But this week, the Redmond software vendor issued a definitive statement regarding its back-porting intentions. The decision: No SP2 fixes—not even ones such as the SP2 pop-up blocker or the ActiveX control blocker—will be offered for users of older versions of Windows and IE (Internet Explorer).
Microsofts message is that if you want any of these features, you must upgrade to Windows XP and/or Windows XP Tablet Edition running SP2. Next year, Microsoft will make the appropriate SP2 security fixes, including some of the IE ones, available to Windows Server 2003 users via Service Pack 1.
Microsoft never publicly committed to providing any of the SP2 fixes for users of older versions of Windows or Internet Explorer. But company officials privately told a select group of developers earlier this year of plans to port some of the IE-specific fixes to the version of IE 6 for Windows 2000 (Service Pack 5 update).
It also told some partners that it was "considering strongly" the idea of making the IE-specific SP2 fixes available for Windows NT, Windows 98, Windows 98 Second Edition and Windows Millennium Edition.
When asked of these plans, a Microsoft spokesman provided the following statement: "We never committed to back-porting technologies. Our commitment has been to provide the greatest possible level of security to all our customers. We will continue to do this for IE and for previous versions of Windows.
"Trying to retrofit older technologies—which were never designed with the current environment in mind—with current advancements creates a set of challenges that makes it difficult for customers to deploy and doesnt provide a level of security that we feel confident in providing to our customers," the spokesman said.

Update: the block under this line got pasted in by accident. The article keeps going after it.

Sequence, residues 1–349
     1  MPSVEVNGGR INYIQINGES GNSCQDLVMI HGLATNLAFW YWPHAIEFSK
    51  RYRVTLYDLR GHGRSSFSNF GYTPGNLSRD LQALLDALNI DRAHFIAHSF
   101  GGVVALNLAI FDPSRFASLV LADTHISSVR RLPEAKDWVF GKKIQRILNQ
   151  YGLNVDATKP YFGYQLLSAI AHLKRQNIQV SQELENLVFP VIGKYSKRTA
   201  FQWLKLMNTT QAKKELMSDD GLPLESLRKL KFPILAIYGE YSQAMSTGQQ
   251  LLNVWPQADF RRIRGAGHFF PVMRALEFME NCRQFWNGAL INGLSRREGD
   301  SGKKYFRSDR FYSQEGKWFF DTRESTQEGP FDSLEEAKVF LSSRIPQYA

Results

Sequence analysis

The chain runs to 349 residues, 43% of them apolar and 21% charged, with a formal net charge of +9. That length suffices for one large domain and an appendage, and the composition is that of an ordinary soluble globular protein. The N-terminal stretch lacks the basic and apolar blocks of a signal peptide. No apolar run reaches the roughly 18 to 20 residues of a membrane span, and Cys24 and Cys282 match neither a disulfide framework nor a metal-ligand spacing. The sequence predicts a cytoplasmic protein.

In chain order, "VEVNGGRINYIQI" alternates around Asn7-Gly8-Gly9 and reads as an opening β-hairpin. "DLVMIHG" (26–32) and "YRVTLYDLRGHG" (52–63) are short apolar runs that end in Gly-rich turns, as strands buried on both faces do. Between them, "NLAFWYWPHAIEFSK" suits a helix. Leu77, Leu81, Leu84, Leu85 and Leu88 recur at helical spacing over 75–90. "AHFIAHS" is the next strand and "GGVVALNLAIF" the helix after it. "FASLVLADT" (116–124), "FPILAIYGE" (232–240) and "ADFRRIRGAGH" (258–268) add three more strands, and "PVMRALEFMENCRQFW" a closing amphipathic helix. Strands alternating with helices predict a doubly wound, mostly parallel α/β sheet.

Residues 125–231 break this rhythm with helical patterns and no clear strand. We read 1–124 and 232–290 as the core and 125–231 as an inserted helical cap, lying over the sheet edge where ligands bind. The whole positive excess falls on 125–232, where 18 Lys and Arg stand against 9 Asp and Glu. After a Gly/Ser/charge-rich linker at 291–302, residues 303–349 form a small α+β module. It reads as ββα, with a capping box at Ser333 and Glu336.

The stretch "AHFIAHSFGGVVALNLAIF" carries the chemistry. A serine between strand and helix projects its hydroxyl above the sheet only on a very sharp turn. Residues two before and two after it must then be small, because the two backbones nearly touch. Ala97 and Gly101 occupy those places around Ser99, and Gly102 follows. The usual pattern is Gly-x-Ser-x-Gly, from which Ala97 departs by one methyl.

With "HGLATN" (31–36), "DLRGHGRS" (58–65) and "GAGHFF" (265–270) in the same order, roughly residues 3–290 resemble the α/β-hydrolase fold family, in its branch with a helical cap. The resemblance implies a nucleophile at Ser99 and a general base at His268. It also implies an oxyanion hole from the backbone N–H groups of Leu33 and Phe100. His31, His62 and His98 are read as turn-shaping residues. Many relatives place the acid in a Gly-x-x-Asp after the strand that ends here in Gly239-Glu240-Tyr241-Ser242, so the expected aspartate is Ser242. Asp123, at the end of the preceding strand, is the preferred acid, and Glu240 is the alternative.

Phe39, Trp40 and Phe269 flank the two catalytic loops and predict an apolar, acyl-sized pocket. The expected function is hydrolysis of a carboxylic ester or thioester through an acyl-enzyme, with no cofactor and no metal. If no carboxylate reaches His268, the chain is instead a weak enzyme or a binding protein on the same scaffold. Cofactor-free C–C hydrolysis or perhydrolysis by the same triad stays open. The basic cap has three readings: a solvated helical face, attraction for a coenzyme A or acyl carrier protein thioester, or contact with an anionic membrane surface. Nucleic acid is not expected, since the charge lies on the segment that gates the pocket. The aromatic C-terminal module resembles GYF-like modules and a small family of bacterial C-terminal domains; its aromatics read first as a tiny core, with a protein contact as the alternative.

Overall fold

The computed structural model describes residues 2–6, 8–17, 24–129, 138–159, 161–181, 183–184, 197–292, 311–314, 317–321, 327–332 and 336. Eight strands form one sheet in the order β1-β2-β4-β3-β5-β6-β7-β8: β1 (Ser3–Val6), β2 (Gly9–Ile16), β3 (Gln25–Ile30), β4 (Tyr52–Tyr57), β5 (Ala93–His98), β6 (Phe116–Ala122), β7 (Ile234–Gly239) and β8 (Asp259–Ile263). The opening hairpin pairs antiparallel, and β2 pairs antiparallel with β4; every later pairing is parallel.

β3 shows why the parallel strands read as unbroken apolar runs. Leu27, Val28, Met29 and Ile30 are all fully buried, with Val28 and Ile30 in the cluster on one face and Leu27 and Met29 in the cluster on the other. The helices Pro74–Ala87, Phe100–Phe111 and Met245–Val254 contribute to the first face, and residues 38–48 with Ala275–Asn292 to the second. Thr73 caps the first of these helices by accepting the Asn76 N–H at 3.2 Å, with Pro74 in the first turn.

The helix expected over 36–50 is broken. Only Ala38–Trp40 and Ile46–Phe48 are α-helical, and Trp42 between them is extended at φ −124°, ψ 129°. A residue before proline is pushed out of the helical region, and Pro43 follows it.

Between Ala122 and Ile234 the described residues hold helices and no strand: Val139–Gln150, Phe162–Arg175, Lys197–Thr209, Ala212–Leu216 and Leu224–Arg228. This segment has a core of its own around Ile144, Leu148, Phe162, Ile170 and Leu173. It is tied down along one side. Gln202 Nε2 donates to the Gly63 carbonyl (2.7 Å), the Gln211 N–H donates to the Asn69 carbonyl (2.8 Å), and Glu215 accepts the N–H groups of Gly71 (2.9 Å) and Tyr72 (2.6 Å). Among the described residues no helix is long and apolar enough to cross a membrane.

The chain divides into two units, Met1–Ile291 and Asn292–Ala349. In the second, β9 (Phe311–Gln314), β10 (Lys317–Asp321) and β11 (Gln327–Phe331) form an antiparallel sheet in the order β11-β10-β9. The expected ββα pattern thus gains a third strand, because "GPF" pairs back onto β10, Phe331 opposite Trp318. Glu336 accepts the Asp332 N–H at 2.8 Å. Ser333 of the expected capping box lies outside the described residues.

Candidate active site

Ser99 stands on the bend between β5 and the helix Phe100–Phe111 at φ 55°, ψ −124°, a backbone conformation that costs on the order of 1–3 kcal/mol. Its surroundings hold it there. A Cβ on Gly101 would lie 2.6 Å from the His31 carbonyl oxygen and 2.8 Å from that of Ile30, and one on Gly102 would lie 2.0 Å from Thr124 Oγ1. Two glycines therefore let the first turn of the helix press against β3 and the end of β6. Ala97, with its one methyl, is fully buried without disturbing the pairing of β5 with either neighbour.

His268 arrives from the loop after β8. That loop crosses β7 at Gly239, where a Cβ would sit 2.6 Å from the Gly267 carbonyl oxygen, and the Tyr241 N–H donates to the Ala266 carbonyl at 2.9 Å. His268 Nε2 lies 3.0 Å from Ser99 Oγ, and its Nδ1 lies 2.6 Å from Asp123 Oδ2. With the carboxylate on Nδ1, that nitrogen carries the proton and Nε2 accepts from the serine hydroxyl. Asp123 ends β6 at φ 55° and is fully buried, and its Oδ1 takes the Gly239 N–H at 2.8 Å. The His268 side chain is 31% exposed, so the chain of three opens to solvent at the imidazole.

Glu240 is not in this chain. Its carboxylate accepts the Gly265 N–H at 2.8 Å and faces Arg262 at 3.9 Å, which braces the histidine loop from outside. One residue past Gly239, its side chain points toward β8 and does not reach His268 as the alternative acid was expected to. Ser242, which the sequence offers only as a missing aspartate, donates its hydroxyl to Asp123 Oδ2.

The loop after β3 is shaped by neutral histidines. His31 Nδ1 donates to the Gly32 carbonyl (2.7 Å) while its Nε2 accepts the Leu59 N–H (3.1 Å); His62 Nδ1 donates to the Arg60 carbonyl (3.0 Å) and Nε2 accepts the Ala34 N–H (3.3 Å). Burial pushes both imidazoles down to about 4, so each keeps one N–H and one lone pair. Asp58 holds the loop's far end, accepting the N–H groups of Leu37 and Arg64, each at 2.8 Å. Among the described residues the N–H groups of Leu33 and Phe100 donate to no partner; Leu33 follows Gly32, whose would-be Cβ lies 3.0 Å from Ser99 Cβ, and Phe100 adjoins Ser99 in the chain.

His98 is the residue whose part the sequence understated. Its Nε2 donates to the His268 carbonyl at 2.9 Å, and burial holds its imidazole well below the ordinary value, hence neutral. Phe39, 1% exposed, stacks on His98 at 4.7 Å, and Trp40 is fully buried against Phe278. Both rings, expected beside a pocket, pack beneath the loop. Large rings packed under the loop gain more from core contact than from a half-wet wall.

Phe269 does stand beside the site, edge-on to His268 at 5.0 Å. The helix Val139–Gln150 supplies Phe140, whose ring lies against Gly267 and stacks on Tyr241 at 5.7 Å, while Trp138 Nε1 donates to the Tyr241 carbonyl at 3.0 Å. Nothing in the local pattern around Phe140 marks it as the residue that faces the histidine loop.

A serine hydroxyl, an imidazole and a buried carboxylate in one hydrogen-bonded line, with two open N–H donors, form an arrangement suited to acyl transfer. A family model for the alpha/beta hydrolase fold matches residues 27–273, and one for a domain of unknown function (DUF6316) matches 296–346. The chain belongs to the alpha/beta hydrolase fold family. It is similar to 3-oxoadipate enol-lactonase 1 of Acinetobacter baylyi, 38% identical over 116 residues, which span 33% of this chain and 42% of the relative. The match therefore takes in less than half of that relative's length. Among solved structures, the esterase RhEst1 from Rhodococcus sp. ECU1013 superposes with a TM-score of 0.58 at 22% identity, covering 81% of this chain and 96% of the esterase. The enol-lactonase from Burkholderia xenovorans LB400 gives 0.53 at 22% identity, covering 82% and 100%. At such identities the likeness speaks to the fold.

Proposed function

"Based on these conclusions, Microsofts resources are focused on keeping customers current with latest security updates and developing new products that will make them safer and more productive," he added.
Some Microsoft customers said they see the companys refusal to back-port SP2 security fixes to older versions of Windows and IE as little more than Microsofts attempt to force users to upgrade to Windows XP. Quite a number of enterprises are still running older versions of Windows, especially Windows 2000, on the desktop.
Microsofts decision not to port SP2 fixes to Windows 2000, in particular, doesnt sit well with Michael Cherry, senior analyst with a Kirkland, Wash.-based research outfit called Directions on Microsoft.
"I dont really think they have any requirement to make any fixes or changes available on the old 9.X code base of Windows 98 and Windows ME," Cherry said. But "the one version of Windows that I have a problem with is Windows 2000, which I believe is still in mainstream support.
"There may be technical reasons why adopting the changes in IE to Windows 2000 is difficult, but Microsoft should be able to overcome this. After all, they own the code for both products," Cherry said.